Sunday, March 6, 2016

Foods and Dementia

Who wants dementia? I think nearly everyone would rather have their mental faculties mostly intact than muddle about in an impaired state. The prospect of the golden years seems less wonderful if you won't be able to find your shoes or remember your children's names once you attain them.

As a result, the news outlets are quick to tell us about the new superfoods that are linked with lower risk of cognitive decline. Because we really want to know!

What are the frequently-mentioned foods at present that are purported to be good for our brain health?
- Leafy green vegetables
- Apples
- Colorful fruits and vegetables overall
- Nuts (even peanuts)
- Salmon and other cold-water fish
- Berries and dark-skinned fruits
- Coffee & tea
- A low-to-moderate amount of red wine
- Chocolate
- Virgin olive and coconut oils
- Many spices, including chile peppers, turmeric, cumin, coriander, and cinnamon
- And, of course, though it's not diet advice, exercise regularly and don't smoke.

Pretty basic, except for the tea, coffee, and red wine. What are they doing on that list, asks the typical Latter-day Saint. We're supposed to avoid them under the LDS Word of Wisdom, a revelation given to Joseph Smith on how to keep ourselves healthy. Even a couple glasses of wine can impair a smaller driver, and all sorts of personal problems result from alcohol abuse; moreover, frequent alcohol consumption is clearly correlated with an increased risk of dementia while abstaining from alcohol does not carry a significant greater risk of dementia over the long run. Coffee and tea are fairly obvious for Mormons, in that the constant sipping of beverages with a lot of caffeine can deaden us to quiet inspiration, and habituation to substances just seems like a bad idea in general. Why would drinks that we're supposed to avoid have important health benefits correlated with them?

My opinion is that there are other ways to get those benefits, and we just need to wait for the scientific research to get to the point where it can tell us for certain how to do so. After all, it took a long while for scientists to conclude that tobacco really was causing an increase in lung cancer.

I was quite interested to come across a theory out of Italy recently. Surely, as the home of the Mediterranean diet, they'd be likely to come up first with an explanation as to why their food keeps them so healthy! The gist of it is that DHA (an omega-3 fatty acid found in fatty, cold-water fish) and salicylic acid (acetyl salicylic acid is aspirin) work together to protect the brain cells and synapses. Salicylic acid, or salicylates, are high in almost every specific food and drink* listed above. Many of these foods are also known for containing polyphenols, but that's been a hard category of substances to nail down as to concrete health benefits. Willow bark--which contains a precursor to aspirin--has been in use for treating aches and fever since the time of ancient Mesopotamia and ancient Egypt, so we've been learning about its benefits and drawbacks for a long time. What if, instead of taking baby aspirin, we should just be eating and drinking a high salicylate diet (well, except for those that are sensitive to it)? In that case, I can drink fruit juices like apple cider and orange juice and sip herbal teas, and I'll still drink plenty of salicylates. If I add in some fish, then I'm protecting my brain!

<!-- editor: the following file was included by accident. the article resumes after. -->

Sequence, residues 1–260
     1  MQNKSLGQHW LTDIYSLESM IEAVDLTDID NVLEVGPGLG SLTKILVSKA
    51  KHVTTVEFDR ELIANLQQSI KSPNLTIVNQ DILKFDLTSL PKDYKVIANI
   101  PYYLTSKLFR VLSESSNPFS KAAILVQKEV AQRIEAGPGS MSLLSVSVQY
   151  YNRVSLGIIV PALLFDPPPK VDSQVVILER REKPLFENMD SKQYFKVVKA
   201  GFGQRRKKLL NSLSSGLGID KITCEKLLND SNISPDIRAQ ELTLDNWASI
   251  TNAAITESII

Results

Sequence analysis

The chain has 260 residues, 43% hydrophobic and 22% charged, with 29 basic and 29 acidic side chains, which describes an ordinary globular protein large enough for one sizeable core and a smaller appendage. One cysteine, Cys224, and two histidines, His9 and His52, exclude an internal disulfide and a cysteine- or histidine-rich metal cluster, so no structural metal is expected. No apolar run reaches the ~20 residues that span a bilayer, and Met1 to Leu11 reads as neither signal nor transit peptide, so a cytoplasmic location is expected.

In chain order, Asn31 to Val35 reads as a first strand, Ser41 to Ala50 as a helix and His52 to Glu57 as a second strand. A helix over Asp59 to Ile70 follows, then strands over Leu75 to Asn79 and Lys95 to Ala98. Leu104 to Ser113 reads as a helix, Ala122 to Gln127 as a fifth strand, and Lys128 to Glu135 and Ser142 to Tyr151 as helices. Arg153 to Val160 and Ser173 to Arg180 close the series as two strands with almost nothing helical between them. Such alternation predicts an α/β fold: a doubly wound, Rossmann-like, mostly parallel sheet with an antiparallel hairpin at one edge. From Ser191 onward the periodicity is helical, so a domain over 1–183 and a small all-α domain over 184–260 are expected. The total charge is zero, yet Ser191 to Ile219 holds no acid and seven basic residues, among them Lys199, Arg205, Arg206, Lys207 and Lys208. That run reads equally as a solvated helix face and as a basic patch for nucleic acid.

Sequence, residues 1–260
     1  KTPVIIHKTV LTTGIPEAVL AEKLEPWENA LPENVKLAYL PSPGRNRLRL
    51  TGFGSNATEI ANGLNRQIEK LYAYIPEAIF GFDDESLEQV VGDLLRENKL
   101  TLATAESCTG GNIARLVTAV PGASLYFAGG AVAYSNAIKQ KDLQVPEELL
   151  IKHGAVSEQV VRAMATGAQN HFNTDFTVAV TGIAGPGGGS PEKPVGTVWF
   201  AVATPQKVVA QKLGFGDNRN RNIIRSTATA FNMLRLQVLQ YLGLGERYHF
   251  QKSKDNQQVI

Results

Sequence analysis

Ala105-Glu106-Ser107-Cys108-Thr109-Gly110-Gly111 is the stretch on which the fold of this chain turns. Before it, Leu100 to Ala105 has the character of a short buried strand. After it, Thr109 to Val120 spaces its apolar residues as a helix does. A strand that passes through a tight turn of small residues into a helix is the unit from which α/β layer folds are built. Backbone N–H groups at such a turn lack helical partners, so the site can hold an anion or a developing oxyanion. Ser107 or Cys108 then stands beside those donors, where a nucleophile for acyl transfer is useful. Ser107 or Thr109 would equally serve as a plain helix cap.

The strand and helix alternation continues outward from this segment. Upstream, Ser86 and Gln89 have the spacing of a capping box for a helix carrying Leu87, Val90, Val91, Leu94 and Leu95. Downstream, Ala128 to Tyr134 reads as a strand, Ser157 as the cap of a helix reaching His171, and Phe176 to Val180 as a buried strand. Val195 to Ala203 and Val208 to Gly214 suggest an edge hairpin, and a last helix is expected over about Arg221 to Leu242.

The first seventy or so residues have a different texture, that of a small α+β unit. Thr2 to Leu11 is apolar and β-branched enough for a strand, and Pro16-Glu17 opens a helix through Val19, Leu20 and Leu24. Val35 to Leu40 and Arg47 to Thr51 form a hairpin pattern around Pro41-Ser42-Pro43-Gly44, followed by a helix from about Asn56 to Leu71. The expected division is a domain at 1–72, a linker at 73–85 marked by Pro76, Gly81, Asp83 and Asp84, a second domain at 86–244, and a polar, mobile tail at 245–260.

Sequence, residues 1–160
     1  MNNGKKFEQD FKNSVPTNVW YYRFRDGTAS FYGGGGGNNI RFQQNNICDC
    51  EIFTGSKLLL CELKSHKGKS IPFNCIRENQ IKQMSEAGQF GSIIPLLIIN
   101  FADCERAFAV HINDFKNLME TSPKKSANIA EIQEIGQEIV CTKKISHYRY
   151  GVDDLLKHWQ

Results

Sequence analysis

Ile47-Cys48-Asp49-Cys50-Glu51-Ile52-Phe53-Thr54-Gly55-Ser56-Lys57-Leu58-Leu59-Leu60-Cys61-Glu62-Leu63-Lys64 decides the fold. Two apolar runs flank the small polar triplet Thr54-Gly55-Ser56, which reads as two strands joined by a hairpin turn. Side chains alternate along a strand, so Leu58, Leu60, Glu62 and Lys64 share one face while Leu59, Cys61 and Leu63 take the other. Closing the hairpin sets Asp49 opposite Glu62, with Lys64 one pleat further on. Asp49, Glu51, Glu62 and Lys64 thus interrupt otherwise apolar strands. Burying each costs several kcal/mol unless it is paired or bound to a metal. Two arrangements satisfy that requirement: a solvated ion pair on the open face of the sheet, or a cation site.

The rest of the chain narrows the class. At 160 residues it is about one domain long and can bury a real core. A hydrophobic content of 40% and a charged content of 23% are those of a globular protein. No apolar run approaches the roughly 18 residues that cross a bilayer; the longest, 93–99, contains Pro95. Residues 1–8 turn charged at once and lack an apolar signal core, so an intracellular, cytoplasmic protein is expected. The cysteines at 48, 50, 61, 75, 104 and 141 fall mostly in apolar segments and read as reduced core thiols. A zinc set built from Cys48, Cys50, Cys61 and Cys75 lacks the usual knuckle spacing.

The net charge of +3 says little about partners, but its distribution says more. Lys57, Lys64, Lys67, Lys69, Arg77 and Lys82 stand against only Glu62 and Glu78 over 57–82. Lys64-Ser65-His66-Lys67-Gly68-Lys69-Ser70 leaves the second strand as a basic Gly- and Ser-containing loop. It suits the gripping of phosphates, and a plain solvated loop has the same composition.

Time will tell what science finds out. In the meantime, I'm more than comfortable following the Word of Wisdom. It has a lot of good counsel about what to eat and drink (it's not just a list of prohibitions), the specifics of which are finding wide support from nutritional science.

* Sorry, chocolate, you're not on the salicylate list. But you definitely help with cognitive function, at least short-term.

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